Trent Bridge, August 1: After former England captain Michael Vaughan stirred up a hornet's nest by suggesting that Indian batsman VVS Laxman had applied vaseline on his bat to hoodwink the Hot-Spot into failing to detect edges, the firm to which the facility is patented will conduct a series of tests on the device.
The debate over the technology came into sharp focus on Day 3 when England thought they had Laxman caught behind. A review was inconclusive and the batsman survived in an incident that shed light onto the possible flays of the system.
The owner of Hot Spot, Warren Brennan has already come on record to state that the device's accuracy is nearly cent per cent, although it can be impacted by such things as sunlight and the velocity of the batting stroke.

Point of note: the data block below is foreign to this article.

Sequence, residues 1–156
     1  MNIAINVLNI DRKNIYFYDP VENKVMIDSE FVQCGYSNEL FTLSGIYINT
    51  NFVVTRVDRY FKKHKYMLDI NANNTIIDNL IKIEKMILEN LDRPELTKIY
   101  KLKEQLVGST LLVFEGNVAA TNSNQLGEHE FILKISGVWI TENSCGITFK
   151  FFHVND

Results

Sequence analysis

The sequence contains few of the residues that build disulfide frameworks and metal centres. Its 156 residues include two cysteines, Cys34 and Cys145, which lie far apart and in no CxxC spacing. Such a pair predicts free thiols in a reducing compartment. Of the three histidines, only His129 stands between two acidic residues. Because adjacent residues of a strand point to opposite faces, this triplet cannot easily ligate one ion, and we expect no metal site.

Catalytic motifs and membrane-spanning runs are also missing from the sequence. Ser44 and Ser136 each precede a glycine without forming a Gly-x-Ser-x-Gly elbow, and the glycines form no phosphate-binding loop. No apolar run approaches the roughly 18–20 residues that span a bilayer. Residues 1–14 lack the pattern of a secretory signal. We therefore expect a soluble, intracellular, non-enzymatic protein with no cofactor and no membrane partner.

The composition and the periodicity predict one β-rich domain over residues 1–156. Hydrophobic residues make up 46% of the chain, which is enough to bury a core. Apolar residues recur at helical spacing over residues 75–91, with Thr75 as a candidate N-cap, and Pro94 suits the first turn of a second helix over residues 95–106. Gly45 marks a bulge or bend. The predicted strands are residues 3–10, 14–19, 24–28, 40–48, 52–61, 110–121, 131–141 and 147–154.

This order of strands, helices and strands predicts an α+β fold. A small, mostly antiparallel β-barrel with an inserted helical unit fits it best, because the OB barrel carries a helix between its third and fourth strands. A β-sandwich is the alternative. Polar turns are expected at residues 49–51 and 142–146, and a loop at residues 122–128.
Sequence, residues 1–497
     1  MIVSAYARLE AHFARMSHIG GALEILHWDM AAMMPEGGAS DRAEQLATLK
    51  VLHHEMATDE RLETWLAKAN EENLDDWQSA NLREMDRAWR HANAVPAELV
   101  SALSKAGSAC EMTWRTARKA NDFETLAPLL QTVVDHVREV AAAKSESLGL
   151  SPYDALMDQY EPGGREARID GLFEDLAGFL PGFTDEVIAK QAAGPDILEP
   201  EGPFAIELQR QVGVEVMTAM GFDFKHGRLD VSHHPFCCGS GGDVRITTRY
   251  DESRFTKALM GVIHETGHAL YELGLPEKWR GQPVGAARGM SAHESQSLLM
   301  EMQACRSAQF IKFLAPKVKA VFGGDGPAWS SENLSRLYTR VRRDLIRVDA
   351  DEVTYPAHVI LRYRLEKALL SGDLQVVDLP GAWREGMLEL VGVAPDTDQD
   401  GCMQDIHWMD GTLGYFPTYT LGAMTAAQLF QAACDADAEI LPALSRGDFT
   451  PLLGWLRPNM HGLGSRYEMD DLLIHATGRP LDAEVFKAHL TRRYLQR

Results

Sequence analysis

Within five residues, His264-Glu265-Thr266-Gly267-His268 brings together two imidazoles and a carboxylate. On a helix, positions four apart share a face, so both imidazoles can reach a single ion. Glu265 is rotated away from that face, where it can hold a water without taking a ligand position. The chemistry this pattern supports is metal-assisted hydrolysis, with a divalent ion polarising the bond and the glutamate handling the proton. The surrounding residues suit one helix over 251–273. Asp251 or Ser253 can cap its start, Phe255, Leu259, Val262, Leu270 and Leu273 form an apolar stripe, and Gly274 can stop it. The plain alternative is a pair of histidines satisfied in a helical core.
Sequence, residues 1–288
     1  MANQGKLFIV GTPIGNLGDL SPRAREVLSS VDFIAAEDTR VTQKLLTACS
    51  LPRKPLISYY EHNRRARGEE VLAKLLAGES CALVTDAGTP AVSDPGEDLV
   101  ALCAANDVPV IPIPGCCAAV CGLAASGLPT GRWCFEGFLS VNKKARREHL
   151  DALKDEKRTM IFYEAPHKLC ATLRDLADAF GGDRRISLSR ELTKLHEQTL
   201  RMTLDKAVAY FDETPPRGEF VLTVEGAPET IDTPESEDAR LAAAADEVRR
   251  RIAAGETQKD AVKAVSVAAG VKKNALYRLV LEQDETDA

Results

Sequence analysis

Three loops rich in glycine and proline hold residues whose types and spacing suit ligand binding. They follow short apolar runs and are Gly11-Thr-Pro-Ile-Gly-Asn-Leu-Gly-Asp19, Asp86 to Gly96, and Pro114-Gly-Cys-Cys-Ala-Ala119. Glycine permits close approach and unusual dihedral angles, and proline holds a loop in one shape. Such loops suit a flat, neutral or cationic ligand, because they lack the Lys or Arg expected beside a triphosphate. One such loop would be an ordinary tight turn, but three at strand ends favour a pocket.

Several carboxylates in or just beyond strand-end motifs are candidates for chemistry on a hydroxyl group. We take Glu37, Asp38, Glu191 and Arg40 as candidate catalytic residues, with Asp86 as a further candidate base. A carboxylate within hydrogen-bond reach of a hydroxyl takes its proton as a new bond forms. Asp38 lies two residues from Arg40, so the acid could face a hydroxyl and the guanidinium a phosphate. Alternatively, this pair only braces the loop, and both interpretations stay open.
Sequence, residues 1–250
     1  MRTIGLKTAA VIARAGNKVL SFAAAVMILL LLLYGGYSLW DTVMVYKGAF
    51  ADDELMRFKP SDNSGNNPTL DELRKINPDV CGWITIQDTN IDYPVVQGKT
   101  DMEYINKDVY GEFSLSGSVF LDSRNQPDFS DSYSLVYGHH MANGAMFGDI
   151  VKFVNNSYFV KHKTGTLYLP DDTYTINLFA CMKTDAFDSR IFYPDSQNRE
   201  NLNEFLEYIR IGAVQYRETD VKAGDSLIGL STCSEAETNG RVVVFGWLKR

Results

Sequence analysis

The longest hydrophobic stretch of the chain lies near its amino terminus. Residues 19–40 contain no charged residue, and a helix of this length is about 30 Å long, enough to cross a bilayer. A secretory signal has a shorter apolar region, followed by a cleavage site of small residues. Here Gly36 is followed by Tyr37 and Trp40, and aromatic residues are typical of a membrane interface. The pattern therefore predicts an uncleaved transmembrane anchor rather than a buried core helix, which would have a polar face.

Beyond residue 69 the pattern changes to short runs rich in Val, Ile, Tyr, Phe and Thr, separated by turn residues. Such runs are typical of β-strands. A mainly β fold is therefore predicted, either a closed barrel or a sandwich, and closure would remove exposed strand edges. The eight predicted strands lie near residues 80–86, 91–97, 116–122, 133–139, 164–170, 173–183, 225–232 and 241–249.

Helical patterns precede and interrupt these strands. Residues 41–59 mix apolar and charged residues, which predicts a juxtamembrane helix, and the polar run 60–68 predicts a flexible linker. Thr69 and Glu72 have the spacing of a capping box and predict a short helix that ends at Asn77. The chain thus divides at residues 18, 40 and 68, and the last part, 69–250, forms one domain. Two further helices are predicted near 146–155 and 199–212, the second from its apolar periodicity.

"I would imagine that Vaseline would restrict the friction of the ball hitting the bat so if you reduce the friction you are going to reduce the Hot Spot," Brennan told a leading cricket website. He went on to say that even stickers on the edge of the bat can confuse the technology.
"I had this conversation with the ICC... and told them that we are noticing some of these stickers tend to reflect heat a bit like a mirror. The ICC said if that is the case they might have to look changing the regulations so that the side of the bat does not have any advertising, no stickers."
There have been several times when Hot Spot has proved inconclusive in caught-behind decisions. During the Ashes in January this year, Kevin Pietersen survived at Melbourne, which infuriated Aussie captain Ricky Ponting, while at Sydney Ian Bell also survived a similar appeal.